Sunday, February 14, 2010

Scam Artist Spams Judge

Ubiquitous, late night, informercial staple Kevin Trudeau has been found in contempt by a Chicago area judge for the second time and forced to post a $50,000 bond, plus surrender his passport, while awaiting sentencing on at least one of the charges, next week.

In open court, U.S. District Judge Robert Gettleman said that he'll likely require jail time and a fine because Mr. Trudeau bombarded his email with letters of support from his followers, some of which could be considered threatening and all of which are undergoing analysis by the U.S. Marshals Service in a first of its kind investigation.

Trudeau, who previously served two years on a 1991 conviction for credit card fraud, where he charged more than $122,000 to the cards of eleven customers from one of his prior schemes is currently awaiting final sentencing for this most recent act of contempt, and a previous conviction after he successfully appealed the judge's amended punishment for violating a 2004 court order.

After run-ins with the SEC, the FTC and eight states for pyramid schemes and selling products using false and misleading statements, Trudeau settled an action by the Federal Trade Commission in 2004, by paying a $2 million dollar fine and agreeing to a lifetime ban "from appearing in, producing, or disseminating future infomercials that advertise any type of product, service, or program to the public, except for truthful infomercials for informational publications".

In 2007, the FTC charged that some of the marketing statements for a book titled The Weight Loss Cure 'They' Don't Want You to Know About were misleading because its infomercial claimed that the weight loss program was something easy, consumers could do at home without exercise and would allow them to eat anything they want, while the actual publication outlined a complex plan with lifetime dietary restrictions and exercise requirements, daily injections of a growth hormone available only by prescription and regular colonics, which must be administered by a licensed practitioner.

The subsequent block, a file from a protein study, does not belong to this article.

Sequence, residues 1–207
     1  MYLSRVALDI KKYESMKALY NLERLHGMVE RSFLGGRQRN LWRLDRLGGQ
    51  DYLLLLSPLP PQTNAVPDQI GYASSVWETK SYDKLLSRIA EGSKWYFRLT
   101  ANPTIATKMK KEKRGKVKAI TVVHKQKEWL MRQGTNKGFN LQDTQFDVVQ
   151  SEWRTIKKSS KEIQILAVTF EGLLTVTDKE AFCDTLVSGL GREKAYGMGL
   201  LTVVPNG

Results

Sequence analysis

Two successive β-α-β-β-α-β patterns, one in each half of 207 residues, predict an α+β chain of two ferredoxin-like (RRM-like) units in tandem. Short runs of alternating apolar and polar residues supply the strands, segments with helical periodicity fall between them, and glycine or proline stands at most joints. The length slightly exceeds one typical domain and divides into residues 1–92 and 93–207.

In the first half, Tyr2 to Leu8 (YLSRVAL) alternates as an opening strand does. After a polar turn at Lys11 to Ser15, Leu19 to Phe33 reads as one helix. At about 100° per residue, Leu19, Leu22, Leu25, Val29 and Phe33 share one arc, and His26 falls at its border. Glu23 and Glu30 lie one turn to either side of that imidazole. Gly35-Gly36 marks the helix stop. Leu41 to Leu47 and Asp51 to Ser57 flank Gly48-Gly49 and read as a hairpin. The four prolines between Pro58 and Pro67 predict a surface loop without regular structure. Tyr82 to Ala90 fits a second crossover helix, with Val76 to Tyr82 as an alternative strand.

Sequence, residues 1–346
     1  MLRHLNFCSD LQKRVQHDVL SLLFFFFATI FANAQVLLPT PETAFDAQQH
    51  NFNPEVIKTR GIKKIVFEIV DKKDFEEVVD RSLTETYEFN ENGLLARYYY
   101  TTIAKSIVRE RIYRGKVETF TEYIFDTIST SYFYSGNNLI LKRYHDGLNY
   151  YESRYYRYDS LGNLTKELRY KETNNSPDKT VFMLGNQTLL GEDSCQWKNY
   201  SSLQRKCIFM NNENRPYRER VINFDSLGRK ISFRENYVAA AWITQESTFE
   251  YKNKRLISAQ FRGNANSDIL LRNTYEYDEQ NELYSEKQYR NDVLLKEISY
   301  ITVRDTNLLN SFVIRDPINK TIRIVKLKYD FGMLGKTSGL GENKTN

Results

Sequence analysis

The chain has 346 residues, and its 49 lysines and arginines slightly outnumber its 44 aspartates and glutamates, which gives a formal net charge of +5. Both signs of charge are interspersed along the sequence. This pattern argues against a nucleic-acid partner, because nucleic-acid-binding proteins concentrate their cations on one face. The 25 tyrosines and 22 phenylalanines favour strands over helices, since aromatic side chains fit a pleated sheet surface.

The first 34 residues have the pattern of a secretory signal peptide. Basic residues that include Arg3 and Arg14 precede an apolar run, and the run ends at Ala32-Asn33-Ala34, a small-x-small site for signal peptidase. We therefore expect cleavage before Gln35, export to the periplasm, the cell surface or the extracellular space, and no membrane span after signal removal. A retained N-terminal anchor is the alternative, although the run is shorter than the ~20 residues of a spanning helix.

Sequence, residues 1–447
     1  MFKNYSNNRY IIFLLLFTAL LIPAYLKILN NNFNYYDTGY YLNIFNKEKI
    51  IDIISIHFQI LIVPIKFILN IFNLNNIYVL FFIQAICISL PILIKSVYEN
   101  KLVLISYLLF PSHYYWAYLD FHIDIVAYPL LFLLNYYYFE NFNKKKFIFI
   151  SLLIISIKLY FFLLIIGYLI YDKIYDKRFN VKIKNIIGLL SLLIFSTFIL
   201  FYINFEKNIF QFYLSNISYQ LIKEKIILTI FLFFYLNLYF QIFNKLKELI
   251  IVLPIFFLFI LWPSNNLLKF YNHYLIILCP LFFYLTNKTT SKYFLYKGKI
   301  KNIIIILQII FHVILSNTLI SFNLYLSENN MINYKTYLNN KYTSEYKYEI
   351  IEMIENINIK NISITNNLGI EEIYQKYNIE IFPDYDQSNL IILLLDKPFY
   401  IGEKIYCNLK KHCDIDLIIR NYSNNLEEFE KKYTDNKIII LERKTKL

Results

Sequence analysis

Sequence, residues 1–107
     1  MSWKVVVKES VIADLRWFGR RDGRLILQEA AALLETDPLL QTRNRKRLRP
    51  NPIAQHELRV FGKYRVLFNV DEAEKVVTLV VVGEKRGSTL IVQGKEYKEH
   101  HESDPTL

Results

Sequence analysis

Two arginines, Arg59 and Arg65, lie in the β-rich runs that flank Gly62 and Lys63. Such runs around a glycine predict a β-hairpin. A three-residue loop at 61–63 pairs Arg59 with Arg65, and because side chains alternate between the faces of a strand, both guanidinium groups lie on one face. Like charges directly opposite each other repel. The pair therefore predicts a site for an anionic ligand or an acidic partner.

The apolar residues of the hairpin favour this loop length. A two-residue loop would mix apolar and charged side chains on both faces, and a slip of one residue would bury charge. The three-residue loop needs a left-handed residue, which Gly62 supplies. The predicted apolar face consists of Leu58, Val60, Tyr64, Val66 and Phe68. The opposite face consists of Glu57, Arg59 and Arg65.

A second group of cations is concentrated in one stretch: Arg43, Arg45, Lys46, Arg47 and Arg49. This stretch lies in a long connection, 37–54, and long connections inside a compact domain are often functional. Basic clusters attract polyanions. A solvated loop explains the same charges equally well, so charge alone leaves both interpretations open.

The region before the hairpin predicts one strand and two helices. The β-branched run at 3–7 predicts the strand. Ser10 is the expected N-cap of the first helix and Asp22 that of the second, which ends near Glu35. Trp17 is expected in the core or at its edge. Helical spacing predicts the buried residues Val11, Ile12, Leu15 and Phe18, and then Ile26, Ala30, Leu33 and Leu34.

Mr. Trudeau was found guilty of making "patently false" statements to sell his weight loss book, thus putting him in violation of the '04 order.

Initially, Judge Gettleman sentenced him to pay a fine of more than $5 million dollars and imposed a three year moratorium on appearing in any informercial for a product in which he holds an interest, but both Mr. Trudeau and the FTC asked him to reconsider the sentence. After less than a month's time, the judge decided to keep the three year moratorium, but upped the fine to more than $37 million dollars, which is what the Federal Trade Commission alleges Mr. Trudeau had received from the estimated 32,000 times the infomercial ran.

The 7th U.S. Circuit Court of Appeals upheld Mr. Trudeau's conviction last fall, but directed Judge Gettleman to do more fact-finding to justify the fine. In an attempt to sway the court, Mr. Trudeau reached out to his customers via email and through his website asking them to contact the judge, which caused his email account to become flooded.

This was not only a demonstrable inconvenience to the court, but it also violated the rules governing ex-parte communications.

And because you've most likely seen a Kevin Trudeau infomercial recently, while awaiting the appeal and fact-finding effort, he has been actively marketing Free Money "They" Don't Want You to Know About, a book published in 2009 and a product in which he holds an interest.

This guy will never quit.

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